17 Dec 6 Christmas Pet Safety Tips, and One That Will Surprise You!
The halls are decked. The tree lights are twinkling. The stockings are hung by the fire with care. Christmas is almost here, and it’s the most wonderful time of the year. While there is a lot about this holiday season that’s harmless for our pets, there are some risks to keep in mind when decorating the house and planning the menu for Christmas day. Today, we’ll explore the top Christmas pet safety tips for pet owners, as well as one surprising dog toy that could be devastating for your pet.
How to Keep Your Cat From Messing With The Christmas Tree
If you own a cat and enjoy putting up a Christmas tree, chances are your feline friend views this annual tradition as a brand-new, shiny scratching post displayed specifically for them. From the jingle of ornaments, to the shiny twinkling Christmas lights, a decorated Christmas tree is a giant play thing to a cat. Follow the steps below to ensure that both your Christmas tree and your cat are safe from each other this holiday season:
Skip the Tinsel
It’s fun, shiny, and possibly a tradition your family has enjoyed for years. But adorning your tree’s branches with tinsel can lead to serious problems for your cat. It resembles a lot of your cat’s favorite toys they enjoy batting around, but if ingested could cause an obstruction and possibly lead to an emergency surgery.
Instead, consider swapping the tinsel out for a fun garland that you can secure on the branches that don’t have pieces that hang down and tempt our kitty friends.
Ornament Placement Matters
It may sound silly, but where you place your ornaments on the tree matters for more than just aesthetic. Make sure that you hang any valuable or breakable ornaments higher on your Christmas tree and out of reach of your cat. Hang ornaments that are less likely to break, shatter or be destroyed on the lower branches they could reach.
It’s safe to say your cat will most likely bat at your ornaments at some point during the holiday season, so invest in some shatter-proof ornaments that match the rest of your ornaments that are cat (and kid) friendly.
Secure Your Christmas Tree
Whether you and your family bring home a live Christmas tree, or put up the same artificial tree every year, taking the time to make sure it’s secure can save a lot of heartache. Investing in a sturdy tree stand, and ensuring that the tree is tightly screwed into the stand can keep your tree from toppling over if a curious cat tries to climb the branches.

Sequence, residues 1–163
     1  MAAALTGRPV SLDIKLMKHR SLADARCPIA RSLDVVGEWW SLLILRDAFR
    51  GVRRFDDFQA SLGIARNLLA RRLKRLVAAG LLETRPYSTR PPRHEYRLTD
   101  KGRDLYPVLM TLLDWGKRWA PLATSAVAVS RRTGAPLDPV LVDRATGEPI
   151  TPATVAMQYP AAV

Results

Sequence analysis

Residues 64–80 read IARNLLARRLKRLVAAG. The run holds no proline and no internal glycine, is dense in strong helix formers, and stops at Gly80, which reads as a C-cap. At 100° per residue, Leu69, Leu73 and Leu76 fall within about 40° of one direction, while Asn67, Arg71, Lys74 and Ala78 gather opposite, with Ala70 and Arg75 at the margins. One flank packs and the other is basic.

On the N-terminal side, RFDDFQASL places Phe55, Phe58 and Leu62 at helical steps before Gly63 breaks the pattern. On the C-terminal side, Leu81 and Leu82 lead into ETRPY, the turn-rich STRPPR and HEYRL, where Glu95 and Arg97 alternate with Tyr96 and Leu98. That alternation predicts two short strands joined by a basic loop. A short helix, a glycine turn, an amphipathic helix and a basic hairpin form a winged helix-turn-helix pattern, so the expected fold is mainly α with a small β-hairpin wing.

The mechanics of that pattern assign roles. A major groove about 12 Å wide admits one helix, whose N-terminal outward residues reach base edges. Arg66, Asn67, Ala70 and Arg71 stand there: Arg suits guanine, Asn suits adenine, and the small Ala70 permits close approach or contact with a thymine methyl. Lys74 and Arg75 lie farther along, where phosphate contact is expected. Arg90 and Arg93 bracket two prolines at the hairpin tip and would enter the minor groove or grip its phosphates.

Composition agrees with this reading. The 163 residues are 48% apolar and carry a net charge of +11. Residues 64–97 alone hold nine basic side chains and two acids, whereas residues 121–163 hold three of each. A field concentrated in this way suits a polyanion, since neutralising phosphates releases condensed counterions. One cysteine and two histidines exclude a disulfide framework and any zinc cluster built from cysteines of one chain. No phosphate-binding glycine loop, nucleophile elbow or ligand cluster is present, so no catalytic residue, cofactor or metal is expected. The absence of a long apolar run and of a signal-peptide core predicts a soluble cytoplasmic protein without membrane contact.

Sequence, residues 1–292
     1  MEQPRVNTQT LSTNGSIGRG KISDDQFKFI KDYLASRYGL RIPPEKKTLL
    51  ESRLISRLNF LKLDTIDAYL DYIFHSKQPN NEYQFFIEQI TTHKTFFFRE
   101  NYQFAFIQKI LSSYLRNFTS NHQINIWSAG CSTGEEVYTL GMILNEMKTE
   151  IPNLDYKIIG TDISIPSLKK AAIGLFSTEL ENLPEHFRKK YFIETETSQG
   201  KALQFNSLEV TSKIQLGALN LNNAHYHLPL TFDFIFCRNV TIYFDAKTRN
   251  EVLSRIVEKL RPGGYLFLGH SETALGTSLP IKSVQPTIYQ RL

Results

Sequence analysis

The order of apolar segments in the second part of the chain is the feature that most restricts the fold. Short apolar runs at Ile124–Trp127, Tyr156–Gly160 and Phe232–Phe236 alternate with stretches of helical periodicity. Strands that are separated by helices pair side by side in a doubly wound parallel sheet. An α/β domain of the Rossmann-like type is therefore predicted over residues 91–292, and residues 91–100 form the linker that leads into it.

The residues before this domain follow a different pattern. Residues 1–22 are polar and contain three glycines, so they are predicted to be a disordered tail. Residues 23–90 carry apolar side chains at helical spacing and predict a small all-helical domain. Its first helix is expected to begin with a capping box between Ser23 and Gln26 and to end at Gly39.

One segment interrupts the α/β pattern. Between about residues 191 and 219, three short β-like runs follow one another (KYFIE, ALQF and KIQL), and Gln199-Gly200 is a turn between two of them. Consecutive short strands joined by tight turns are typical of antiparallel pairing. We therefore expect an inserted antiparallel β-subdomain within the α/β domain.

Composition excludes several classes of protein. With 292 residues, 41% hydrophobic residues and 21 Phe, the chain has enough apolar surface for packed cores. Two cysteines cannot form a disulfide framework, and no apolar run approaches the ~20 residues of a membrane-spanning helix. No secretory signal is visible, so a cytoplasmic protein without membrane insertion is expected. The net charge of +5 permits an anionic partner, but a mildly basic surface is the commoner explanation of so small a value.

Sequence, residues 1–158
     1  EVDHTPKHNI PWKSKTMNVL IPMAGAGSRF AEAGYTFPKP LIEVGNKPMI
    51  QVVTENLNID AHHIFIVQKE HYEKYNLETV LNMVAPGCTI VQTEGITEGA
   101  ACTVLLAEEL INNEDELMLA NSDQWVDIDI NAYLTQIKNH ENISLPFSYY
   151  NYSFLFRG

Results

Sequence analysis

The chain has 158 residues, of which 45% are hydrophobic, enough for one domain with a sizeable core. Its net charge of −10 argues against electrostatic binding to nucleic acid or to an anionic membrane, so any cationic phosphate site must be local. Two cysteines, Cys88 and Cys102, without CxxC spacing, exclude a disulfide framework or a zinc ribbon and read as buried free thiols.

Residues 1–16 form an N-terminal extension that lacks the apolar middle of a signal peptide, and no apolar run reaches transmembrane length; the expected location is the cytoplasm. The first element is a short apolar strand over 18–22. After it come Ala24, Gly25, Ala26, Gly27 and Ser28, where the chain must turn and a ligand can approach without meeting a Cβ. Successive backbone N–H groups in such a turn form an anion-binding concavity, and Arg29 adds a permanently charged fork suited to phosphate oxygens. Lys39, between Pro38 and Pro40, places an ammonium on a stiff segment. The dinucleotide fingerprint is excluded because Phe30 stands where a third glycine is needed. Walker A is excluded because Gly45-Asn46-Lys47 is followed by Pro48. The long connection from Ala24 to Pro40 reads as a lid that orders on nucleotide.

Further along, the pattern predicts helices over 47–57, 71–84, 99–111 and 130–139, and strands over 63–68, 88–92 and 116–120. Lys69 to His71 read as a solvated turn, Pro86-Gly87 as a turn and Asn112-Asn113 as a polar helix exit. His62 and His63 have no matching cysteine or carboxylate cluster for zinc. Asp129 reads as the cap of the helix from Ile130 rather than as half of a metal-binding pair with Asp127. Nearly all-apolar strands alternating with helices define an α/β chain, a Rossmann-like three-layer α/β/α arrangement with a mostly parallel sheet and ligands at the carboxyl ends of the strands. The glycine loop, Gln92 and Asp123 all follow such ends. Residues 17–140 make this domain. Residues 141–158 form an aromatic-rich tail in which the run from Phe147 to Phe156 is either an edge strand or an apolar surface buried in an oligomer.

If you bring home a live tree, be sure to keep the water in the base clean. A thirsty cat could unknowingly ingest harmful bacteria if the water is left stagnant.
The above tips aren’t just for cat owners. The same Christmas tree accidents caused by cats could also be caused by dogs, or even kids. Taking the time to make sure your Christmas tree is put up and decorated thoroughly, carefully, and safely can go a long way in making sure everyone in your family gets to enjoy the holidays (without any emergency trips to the vet).
Pet Friendly Holiday Treats
This year, keep the human holiday treats out of reach of your pets. What’s delicious for us, isn’t as fun for our furry friends.
Chocolate & Your Pets
You’ve most likely heard about the dangers of chocolate and pets, but it’s a good thing to be reminded of on a regular basis. Chocolate is extremely toxic to animals. If your pet ingests a little bit, they’ll most likely only experience diarrhea and vomiting. But if a pet ingests a large amount of chocolate, it can quickly become an emergency situation that can lead to seizures, internal bleeding, and even a heart attack.
Keep anything containing chocolate far away from your pets this holiday season. And if one of your pets does ingest some, call your local emergency vet clinic right away.
Cocktails & Wagging Tails Don’t Mix
Between Christmas and New Year’s Eve, a lot of alcoholic beverages are consumed during the holiday season. While spiked eggnog and a champagne toast to ring in the New Year are fun ways to celebrate, it’s important to remember that alcohol should be kept away from your pets. The hustle and bustle of celebrating can lead to leaving around unattended drinks, but make sure that they’re left in places where Fido can’t reach them.